I could never have dreamed that there were such goings-on

Dylan Thomas, the great 20th century Welsh poet, was a master wordsmith. His poems are fabulous to be read aloud, particularly if you can do a Welsh accent and imagine you are Richard Burton driving the words out in in uninhibited drink-fuelled flow.

This poem has the very apt title “Notes on the Art of Poetry”

I could never have dreamt that there were such goings-on
in the world between the covers of books,
such sandstorms and ice blasts of words,,,
such staggering peace, such enormous laughter,
such and so many blinding bright lights,, ,
splashing all over the pages
in a million bits and pieces
all of which were words, words, words,
and each of which were alive forever
in its own delight and glory and oddity and light.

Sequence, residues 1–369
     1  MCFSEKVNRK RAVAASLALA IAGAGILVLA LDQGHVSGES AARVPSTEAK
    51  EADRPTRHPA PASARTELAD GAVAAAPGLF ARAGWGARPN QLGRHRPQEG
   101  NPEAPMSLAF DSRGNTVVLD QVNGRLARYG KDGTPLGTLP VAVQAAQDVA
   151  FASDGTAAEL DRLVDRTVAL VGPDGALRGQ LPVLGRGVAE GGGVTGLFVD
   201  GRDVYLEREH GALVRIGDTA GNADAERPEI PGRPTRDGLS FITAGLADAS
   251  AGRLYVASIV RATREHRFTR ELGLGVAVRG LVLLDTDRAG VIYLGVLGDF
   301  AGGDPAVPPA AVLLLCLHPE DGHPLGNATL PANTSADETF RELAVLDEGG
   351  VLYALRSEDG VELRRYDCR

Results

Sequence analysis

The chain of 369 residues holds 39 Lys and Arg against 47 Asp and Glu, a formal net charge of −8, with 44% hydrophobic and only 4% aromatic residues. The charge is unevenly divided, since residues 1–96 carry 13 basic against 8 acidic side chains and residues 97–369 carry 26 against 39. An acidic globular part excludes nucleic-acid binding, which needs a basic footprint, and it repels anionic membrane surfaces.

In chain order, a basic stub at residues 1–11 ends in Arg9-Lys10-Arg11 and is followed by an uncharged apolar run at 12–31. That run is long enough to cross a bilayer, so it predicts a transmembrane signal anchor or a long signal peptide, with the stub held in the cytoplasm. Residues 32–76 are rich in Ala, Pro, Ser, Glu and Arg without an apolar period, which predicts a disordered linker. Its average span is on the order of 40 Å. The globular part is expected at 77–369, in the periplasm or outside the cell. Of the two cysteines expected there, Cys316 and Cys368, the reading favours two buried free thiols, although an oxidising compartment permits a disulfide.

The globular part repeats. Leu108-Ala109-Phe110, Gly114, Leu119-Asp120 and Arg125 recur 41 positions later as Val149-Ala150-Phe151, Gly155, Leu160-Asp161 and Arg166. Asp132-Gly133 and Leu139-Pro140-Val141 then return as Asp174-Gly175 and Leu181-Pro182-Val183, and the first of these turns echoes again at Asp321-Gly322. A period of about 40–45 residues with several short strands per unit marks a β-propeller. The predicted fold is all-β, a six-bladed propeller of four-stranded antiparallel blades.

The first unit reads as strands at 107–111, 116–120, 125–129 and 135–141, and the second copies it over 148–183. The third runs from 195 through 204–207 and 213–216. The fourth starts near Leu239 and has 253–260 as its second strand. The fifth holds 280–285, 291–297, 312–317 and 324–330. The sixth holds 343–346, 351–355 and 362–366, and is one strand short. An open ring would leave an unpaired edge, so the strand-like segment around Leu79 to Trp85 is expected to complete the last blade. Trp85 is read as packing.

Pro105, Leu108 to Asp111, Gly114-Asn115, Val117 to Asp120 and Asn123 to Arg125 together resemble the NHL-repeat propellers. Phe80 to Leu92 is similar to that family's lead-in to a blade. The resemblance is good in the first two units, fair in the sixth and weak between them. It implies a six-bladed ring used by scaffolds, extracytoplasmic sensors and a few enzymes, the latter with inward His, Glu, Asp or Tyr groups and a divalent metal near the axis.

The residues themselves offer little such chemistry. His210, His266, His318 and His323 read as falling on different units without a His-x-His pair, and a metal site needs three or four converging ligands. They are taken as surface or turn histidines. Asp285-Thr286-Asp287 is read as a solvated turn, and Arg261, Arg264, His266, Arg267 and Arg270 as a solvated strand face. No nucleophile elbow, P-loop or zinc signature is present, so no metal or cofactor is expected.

From <http://www.poemhunter.com/poem/notes-on-the-art-of-poetry/&gt;
Whoever has ever been transfixed, transformed, moved, blown away, discombobulated, taken completely to a different place by words written on a page will recognize what Dylan Thomas describes in this poem. The delight and marvel of words used to amaze and enlighten come through in the succession of superlative adjectives, the accumulation of sensations which the poet describes here. He captures the reader’s experience when confronted by great writing of any genre.

And, of course, in poems like this and in his great long-form prose work “Under Milk Wood”, Dylan Thomas is giving us his own contribution to the making this experience come alive for us, his privileged readers.
The Poetry Dude


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